Monday, January 30, 2006
We have had three tragic teenage car fatalities in Farragut in less than two years.
Would you take a moment and give these people a call?
Cindy Buttry (Karns High) (H) 584-6155 mailto:email@example.com
"In my opinion, driver's ed is a joke. I'd rather have astronomy as an elective than driver's ed."
Indya Kincannon (Fulton High) (H) 546-7098 mailto:firstname.lastname@example.org
"I think learning about driver safety is important, but you could do that in a five- or six-week component of wellness or (physical education)."
Dan Murphy (West High) (H) 523-0511(O) 974-1752 mailto:email@example.com
"My feeling is, if you're going to have driver's ed, it's the responsibility of the parents who are going to realize the private benefit to pay the market price to achieve that benefit."
I am so tired of Indya Kinncannon.
A recent federal study showed that those municipalities with driver's ed had worse driving statistics than the others.
Personally, I don't always agree w/ Ms. Kincannon but hers is always a thoughtful response.
How much are we willing to fund with increased tax $'s? There simply isn't the money in the system. The cost of funding an area that has so much suburban sprawl is tremendous. I love Farragut but it isn't fair for taxes to up for all of Knox County just because you and I chose to live here...is it? We should be paying impact fees for the mess we have caused.
You, of course, do realize that we are only 1 of 2 major cities in TN to fund driver's ed...right?
We need more well educated, caring and thoughtful people like Ms. Kincannon in government not less!
More people prefer the suburban lifestyle. There is a new urban movement but it is very small compared to the suburban explosion.
All of these people that write about sprawl think that people should make their decisions about where they live and should consider the benefit of urban living. If the sprawl is vertical rather than horizontal it isn't sprawl it is planned development?
The people that want the three car garage and the one third acre lot do not want to live in a loft condo on Gay Street. The people that live in the condo on Gay street wouldn't be caught dead living in Fox Den.
If you really want to address sprawl you have to use impact fees.
Emulating my own experience, I paid the fees for my oldest to take Driver Ed at school, but also made a point of teaching her all I could -- on the interstate, in the dark, in the rain and snow -- to make sure she's ready to be out on her own when the day comes.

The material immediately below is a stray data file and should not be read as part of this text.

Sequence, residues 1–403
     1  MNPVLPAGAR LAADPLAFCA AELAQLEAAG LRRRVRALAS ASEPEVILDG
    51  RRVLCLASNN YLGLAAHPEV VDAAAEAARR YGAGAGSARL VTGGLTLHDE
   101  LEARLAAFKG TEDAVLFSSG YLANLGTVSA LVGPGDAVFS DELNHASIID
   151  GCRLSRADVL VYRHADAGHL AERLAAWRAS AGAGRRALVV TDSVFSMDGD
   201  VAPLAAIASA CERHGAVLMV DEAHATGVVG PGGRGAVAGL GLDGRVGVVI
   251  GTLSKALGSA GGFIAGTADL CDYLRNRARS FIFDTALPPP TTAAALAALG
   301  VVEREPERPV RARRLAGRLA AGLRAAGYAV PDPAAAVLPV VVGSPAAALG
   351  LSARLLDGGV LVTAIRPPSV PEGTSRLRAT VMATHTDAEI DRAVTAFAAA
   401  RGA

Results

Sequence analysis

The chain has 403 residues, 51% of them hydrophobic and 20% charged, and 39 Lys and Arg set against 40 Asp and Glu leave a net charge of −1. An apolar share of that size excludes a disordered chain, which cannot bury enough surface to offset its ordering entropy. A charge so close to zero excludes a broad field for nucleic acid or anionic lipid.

One option for the school board is to raise the fees (again) to make the course as nearly self-supporting as possible. Sure, the budget still has to cover the kids on free and reduced lunch, but aren't those the very kids who aren't likely to get much in the way of driving instruction at home?
Do we really want more untrained drivers sharing the roads with our own kids? I don't.
Embellishment doesn't really help your cause. A downtown school could draw from Sequoyah Hills, Old North Knoxville, Fourth & Gill, Island Home, etc. These neighborhoods have more than enough students to support a school which would allow the rezoning inward to occur without long distance busing.
FR, you seem to imply that this a black and white issue (Farragut v. Gay St. Lofts). This actually couldn't be further from the truth.
The simple fact is that a new school will cause more sprawl thereby making the proposed "solution" the cause of even greater problems.
This really isn't that difficult to follow folks.
Which schools have the greatest overcrowding? Farragut, Karns, and Bearden. For the rezoning inward idea to work there has to be some schools to rezone inward to.
There are no schools to handle the overcrowding so a new school would have to be built.
So are you people that support the rezoning inward plan suggesting that the County build the school away from where the need is and bus the students inward just so downtown can get a new school it does not need?
Would one of you explain this please? That seems very selfish and impractical not to mention very unsafe for the students that would be bused such long distances.
This is really making great sense now.